For more than four years, Deschutes County recorded an average of 230 default notices filed every month.
But in the second half of 2012, monthly filings slowed to a trickle, according to figures from the Deschutes County Clerk's Office.
Filing of default notices, the document that initiates nonjudicial foreclosure, did not drop because the real estate crash that hit in 2008 reached its end, experts have said.
They fell when lenders — prompted by a new law and a court ruling, both of which hit in July — changed the way they handled foreclosures, shifting from a largely administrative process to one that takes place in state courts.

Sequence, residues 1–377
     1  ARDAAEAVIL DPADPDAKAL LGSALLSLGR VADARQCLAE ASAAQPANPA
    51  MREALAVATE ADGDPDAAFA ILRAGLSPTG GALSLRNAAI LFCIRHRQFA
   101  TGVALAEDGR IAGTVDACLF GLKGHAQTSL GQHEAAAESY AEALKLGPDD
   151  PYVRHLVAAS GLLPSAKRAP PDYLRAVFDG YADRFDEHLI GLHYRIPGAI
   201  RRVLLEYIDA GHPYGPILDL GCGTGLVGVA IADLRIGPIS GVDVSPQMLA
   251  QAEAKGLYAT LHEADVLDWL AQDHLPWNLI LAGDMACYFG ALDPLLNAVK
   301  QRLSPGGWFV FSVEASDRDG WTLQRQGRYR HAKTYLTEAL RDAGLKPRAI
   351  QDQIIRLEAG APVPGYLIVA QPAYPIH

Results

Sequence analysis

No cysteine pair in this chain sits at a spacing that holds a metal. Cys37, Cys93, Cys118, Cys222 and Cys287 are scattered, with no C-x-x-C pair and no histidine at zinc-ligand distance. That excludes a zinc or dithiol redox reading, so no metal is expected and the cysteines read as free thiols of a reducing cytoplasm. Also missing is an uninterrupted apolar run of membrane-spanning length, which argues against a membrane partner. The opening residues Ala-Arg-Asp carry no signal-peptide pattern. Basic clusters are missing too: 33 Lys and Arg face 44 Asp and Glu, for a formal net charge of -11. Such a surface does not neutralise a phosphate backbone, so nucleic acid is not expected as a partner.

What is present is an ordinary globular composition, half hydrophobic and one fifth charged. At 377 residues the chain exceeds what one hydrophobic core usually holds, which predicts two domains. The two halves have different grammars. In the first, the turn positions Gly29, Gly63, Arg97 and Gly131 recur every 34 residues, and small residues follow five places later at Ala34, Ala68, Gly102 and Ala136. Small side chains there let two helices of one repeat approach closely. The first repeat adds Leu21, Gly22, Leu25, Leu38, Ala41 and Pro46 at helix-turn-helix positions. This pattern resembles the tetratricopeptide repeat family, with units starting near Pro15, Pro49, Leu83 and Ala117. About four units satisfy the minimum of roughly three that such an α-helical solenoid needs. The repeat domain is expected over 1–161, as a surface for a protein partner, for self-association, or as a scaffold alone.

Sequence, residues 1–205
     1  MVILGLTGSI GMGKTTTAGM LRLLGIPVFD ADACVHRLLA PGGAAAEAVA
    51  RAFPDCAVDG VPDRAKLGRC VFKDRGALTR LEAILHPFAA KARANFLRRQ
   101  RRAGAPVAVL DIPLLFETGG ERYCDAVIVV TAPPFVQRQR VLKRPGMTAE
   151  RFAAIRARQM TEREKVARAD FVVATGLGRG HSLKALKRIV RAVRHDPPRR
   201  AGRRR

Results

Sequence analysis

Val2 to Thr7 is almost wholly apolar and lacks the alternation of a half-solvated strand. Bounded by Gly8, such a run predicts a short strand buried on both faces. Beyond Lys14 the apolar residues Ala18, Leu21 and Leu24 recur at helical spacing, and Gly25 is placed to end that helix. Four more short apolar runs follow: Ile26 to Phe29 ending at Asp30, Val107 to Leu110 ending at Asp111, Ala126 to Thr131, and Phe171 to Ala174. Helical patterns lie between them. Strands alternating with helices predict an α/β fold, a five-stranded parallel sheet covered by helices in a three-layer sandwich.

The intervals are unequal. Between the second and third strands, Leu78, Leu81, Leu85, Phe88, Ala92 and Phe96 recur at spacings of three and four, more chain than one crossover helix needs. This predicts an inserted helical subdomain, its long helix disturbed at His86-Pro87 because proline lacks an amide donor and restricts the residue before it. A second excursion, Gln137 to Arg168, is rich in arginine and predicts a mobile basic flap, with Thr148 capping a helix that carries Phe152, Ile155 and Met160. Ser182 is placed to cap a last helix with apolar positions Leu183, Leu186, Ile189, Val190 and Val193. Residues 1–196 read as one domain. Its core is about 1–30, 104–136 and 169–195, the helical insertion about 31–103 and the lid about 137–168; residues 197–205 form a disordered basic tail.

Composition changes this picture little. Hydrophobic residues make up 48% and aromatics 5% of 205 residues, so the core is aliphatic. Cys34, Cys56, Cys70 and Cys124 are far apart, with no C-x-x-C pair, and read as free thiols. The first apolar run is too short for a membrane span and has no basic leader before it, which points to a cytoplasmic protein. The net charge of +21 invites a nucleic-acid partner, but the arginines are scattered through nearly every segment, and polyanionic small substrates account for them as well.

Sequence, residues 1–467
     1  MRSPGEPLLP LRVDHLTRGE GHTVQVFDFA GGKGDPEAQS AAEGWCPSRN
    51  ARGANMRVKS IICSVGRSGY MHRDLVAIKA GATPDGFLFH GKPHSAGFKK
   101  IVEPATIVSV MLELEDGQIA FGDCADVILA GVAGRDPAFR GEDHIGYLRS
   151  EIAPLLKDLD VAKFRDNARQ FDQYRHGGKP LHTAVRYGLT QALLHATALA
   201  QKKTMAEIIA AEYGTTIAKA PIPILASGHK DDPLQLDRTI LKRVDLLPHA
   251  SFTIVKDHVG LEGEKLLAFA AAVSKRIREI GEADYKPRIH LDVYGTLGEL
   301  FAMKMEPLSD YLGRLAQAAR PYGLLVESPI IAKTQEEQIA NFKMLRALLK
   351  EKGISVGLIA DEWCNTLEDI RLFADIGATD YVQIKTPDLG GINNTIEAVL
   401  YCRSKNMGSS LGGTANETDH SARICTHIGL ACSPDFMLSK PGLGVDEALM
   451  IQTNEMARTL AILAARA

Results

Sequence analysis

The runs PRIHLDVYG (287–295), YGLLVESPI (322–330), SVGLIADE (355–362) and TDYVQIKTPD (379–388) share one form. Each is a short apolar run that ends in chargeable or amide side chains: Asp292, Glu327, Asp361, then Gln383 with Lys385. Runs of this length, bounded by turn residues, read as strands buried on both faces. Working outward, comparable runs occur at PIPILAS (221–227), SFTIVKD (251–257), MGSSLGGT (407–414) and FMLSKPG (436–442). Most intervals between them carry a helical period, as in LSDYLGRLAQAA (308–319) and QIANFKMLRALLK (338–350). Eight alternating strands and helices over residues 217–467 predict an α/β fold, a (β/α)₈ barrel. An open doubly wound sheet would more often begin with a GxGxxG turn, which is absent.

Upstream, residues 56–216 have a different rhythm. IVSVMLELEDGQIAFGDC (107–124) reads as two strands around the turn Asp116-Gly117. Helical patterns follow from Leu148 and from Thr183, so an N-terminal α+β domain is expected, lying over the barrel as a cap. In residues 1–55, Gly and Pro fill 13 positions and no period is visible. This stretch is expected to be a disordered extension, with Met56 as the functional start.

Senate Bill 1552, passed by the Legislature in the final hours before its March adjournment, gave homeowners facing nonjudicial foreclosure the right to request a mediation session with their lenders. It took effect in July, but few sessions have been held.
Instead, lenders have largely taken their foreclosures to court, opting for the judicial route, which does not have a mediation provision.
Separately, the Oregon Court of Appeals ruled on July 18 that nonjudicial foreclosures do not comply with the law if each change of title in a homeowner's mortgage isn't recorded with a county clerk before the process starts. The state Supreme Court is scheduled to take up the case Tuesday.